Today, we recognize that blood products are tissue, composed of cells and other human biological components. Giving a patient products derived from another person’s blood is, in essence, a transplant. In both training and practice, today’s medical community better appreciates the true implications: even when blood is a perfect match from a reliable and healthy donor, transplantation carries risk.
Medical professionals have always appreciated the gravity and complexity of organ transplantation—and it is typically the last resort, after other interventions fail. For example, we would never consider a kidney transplant as the first course of treatment for reduced kidney function.
In times past, blood did not receive the same deference. But today, the concept of blood as transplant has changed our thinking. Now, we’re more likely to ask: if we have good alternatives, why take the risk?
Safeguarding Blood Cells
The choice of BMS calls for open dialogue between provider and patient, who together review various options to minimize bleeding during treatment, as well as any potential risk.
During medical procedures, each component of blood plays a vital role, but the red blood cells are of greatest concern. Red blood cells bring oxygen from the lungs to all other parts of the body, and their loss can create problematic, temporary anemia and lack of oxygen.
At the Hospital Center, we have a variety of tools and techniques that help reduce the need for transfusion. For example, many of today’s surgical instruments and procedures can minimize blood loss.
Also, two key elements of BMS—cell salvage and hemodilution—aim to safeguard the patient’s blood cells.
- Cell salvage involves gentle suction of blood lost during a procedure. The salvaged material is stored, cleaned and transferred back to the patient as concentrated red cells.
- In hemodilution, a portion of the patient’s blood is collected and preserved before the procedure, and replaced with volume expansion fluid that matches the normal volume of the patient’s bloodstream. In this way, any blood lost during the procedure contains fewer red cells than normal, which means less overall cell loss.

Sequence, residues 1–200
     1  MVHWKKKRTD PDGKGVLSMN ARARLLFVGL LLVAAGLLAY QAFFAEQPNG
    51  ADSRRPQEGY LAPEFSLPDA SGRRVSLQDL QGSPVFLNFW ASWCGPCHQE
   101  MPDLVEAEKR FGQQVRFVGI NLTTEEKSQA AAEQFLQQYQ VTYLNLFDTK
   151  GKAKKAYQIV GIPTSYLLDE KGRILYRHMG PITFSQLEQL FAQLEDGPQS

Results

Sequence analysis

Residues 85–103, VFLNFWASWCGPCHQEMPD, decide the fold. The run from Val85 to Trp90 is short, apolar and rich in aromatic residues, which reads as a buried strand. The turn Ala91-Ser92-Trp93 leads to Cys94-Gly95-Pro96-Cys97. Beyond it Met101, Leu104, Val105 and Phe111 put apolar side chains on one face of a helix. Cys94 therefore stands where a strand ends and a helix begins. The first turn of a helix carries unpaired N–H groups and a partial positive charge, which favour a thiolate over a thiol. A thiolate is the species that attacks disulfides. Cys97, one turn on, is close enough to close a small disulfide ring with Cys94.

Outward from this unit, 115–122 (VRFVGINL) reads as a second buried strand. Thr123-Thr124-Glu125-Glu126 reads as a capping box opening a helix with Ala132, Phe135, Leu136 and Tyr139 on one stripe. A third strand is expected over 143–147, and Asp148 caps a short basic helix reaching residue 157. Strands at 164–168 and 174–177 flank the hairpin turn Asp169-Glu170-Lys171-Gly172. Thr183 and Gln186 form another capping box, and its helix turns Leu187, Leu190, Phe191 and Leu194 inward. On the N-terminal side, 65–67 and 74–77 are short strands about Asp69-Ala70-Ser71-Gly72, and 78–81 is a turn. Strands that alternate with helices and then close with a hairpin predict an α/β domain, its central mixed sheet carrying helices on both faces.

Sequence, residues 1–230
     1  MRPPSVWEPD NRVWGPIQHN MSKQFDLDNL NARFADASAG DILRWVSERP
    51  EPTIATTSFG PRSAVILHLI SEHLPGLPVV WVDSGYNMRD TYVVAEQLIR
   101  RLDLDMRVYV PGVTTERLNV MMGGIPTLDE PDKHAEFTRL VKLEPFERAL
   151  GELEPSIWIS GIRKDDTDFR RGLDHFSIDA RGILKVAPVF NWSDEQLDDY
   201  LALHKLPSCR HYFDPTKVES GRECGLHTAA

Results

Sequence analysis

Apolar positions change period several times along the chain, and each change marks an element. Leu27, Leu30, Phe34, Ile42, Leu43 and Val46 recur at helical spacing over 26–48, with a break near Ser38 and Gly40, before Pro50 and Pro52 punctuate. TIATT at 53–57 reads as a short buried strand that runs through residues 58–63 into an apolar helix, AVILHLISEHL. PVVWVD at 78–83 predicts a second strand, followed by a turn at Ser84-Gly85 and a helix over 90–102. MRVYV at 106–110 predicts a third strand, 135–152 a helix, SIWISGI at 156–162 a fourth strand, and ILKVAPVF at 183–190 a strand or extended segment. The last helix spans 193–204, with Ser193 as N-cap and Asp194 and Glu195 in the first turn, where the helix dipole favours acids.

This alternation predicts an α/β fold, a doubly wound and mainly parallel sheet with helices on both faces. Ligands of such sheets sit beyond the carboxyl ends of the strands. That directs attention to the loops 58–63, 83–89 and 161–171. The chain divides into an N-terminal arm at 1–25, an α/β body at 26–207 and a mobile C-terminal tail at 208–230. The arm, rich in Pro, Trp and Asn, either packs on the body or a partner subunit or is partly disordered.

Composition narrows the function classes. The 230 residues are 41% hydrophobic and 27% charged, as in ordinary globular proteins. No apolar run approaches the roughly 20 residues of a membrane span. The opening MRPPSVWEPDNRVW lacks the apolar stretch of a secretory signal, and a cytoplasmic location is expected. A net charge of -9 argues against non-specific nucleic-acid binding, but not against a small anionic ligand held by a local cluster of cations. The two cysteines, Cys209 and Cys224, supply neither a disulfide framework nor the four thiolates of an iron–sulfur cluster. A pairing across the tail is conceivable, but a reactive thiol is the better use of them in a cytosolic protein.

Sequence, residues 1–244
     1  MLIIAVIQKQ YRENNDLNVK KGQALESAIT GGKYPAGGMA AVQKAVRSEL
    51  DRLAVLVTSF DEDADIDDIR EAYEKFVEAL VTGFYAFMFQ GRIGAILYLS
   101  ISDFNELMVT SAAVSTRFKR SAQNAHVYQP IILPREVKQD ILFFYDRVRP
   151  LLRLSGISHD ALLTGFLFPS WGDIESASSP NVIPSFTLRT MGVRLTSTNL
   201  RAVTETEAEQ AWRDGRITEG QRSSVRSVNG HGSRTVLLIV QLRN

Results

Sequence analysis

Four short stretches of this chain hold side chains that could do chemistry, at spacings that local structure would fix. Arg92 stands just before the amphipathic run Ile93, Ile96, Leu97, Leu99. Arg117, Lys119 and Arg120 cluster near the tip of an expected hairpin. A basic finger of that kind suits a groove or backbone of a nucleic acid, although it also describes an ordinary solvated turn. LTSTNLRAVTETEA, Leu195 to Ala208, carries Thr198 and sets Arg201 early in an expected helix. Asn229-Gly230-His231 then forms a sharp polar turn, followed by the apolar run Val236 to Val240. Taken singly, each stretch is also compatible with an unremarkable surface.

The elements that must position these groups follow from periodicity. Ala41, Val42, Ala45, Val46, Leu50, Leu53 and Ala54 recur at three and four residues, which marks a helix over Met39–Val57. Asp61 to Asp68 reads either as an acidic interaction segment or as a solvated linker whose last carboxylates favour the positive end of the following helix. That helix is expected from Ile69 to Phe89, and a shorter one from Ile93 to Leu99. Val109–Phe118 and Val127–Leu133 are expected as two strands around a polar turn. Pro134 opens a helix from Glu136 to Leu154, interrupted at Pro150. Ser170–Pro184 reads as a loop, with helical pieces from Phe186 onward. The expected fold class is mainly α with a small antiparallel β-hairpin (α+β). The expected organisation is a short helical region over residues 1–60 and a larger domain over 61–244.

These processes have largely replaced autologous donation—when the patient contributes his or her own blood prior to a procedure. Blood has a very short shelf life; even a few days’ storage can degrade it. So both cell salvage and hemodilution have the added advantage of administering fresher cells to the patient.
Another important element of BMS is anemia screening. Instead of managing a preexisting low blood count with transfused blood during the procedure, patients are carefully screened before the procedure, allowing enough time for treatment. The patient enters the operating room with the healthiest possible blood count, reducing the need for transfusion.
The Role of the Hospital Center
Our BMS program extends beyond the operating room. Behind every procedure and new development are the collaborative and educational resources of the International Training Center for Bloodless Medicine and Surgery, part of the MedStar Health Institute for Quality and Safety.
As we seek to help patients for whom blood conservation is an essential decision, it’s clear that medicine must balance science, art and judgment. The Training Center is both a think tank and a consulting service. It acts as a clearinghouse of research data. We provide classes, many of which grant continuing education credits. We run a hotline for medical professionals with the latest information on BMS.
Only about 90 BMS programs exist nationwide, and there is a great need for more. We help healthcare providers around the country to build and refine their own bloodless programs, putting MedStar Washington Hospital Center and our other hospitals in a leadership role to expand the practice of bloodless medicine and surgery.
I have seen friends and family members face challenges when working with providers who do not embrace BMS programs. I am proud to say that the Hospital Center offers patients the tools and knowledge they need to make an informed decision. And we’re empowered to respect that decision, thanks to bloodless medicine.